Ukraine Attacks Russian-Occupied Oil Platforms, Snake Island Strike Rumors Swirl

The northwestern Black Sea is becoming more of a free-fire zone with each passing day and it will only become more-so as new weapons arrive.

byHoward Altman| PUBLISHED Jun 20, 2022 4:42 PM
Ukraine Attacks Russian-Occupied Oil Platforms, Snake Island Strike Rumors Swirl
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Russia is promising retaliation for an early morning attack by Ukraine on Russian-occupied gas drilling rigs in the northwestern Black Sea and says that they will strengthen defenses on the Crimean peninsula as a result.

Meanwhile, a Ukrainian source tells The War Zone that its forces also struck Snake Island a short while later. However, a low-resolution satellite image The War Zone obtained from Planet Labs taken shortly before noon Ukraine time does not appear to show any new major destruction or burning fires.

A satellite image from this morning shows no new major destruction on Snake Island. PHOTO © 2022 PLANET LABS INC. ALL RIGHTS RESERVED. REPRINTED BY PERMISSION.

Officials in occupied Crimea have confirmed the attack on Chornomorneftegaz drilling rigs, said to be located about 70 kilometers south of Odesa. In a widely-derided deal, Ukraine purchased these natural gas offshore drilling platforms in 2011-2012, according to Yahoo News. The rigs became known as the notorious “Boyko’s towers,” after the former Energy Minister Yuriy Boyko. The rigs were seized by Russia when it annexed Crimea in 2014.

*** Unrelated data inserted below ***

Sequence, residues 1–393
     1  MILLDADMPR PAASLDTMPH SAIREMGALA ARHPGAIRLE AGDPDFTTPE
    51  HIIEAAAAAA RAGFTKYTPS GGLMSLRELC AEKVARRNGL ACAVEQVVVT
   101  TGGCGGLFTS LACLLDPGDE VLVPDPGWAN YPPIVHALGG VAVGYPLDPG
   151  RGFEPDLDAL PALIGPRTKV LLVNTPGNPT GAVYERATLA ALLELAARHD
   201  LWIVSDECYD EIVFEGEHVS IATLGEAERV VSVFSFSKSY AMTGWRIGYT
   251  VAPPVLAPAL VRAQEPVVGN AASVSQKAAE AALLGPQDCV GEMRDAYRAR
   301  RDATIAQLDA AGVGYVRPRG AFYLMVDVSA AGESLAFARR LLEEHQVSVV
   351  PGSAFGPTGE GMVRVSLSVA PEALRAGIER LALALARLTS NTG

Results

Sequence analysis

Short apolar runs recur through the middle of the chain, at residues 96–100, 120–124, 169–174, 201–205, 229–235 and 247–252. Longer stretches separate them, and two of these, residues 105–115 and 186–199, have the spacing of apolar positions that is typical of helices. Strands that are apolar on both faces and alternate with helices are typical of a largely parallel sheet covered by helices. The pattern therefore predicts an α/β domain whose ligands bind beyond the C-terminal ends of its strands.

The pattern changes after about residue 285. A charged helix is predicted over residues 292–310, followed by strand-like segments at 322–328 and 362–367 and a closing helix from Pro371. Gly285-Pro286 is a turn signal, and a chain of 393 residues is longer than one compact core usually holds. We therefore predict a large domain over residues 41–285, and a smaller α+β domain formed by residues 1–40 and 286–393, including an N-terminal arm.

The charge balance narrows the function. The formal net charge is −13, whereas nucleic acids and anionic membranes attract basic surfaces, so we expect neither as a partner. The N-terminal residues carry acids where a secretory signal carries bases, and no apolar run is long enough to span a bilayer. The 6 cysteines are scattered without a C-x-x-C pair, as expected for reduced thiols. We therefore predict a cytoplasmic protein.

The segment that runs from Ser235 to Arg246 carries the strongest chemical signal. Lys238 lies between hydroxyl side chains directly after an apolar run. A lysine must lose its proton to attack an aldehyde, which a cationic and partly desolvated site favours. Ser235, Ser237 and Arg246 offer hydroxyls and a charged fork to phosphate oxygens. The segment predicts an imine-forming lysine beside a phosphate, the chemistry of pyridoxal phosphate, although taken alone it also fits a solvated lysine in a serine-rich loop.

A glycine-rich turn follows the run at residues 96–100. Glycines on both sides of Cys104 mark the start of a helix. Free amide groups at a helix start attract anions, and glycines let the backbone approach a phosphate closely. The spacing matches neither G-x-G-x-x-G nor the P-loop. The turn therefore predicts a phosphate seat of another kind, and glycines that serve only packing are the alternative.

In response, Russians have already launched missile attacks on Odesa.

A food warehouse in Odesa was destroyed in that attack, but no civilians were killed, the Ukrainian military said, according to Reuters.

Russian forces fired 14 missiles at southern Ukraine in a three-hour barrage following the gas rig attack, Reuters reported, citing Ukraine's Operational Command "South."

In addition to the attacks on Odesa, at least one official in occupied Crimea say they are strengthening their defenses in the wake of the gas rig attack.

“Protection of important facilities in Crimea after an attack by Ukraine on the drilling rigs of Chornomorneftegaz will be strengthened,” said Olga Kovitidi, the senator from occupied Crimea, according to the Telegram channel of Russian state media outlet Tass.

Kovitidi's comments come even after Russia recently sent two divisions of S-300 anti-aircraft systems to the peninsula.

“There are enough air defense systems in Crimea, the entire land part of the peninsula is covered, including the Crimean bridge,” said Sergei Aksyonov, governor of occupied Crimea, according to Tass. Aksyonov was apparently referencing a statement made last week by a Ukrainian general who said the Kerch Bridge connecting mainland Russia to Crimea could be threatened by soon-to-be acquired long-range fires.

A Pentagon spokesman told The War Zone that targets in Crimea are considered fair game for the HIMARS and other long-range fires set to be sent to Ukraine.

In addition to the gas rig attack, Ukraine also struck Snake Island, Andrii Ryzhenko, a retired Ukraine Navy captain and former member of that nation’s general staff tells The War Zone.

The strike on Snake Island was about 4 a.m. local time and “caused the Russians significant damage,” Ryzhenko said.

The second strike was about four hours later, when Ukrainian forces struck the gas drilling platforms, Ryzhenko said.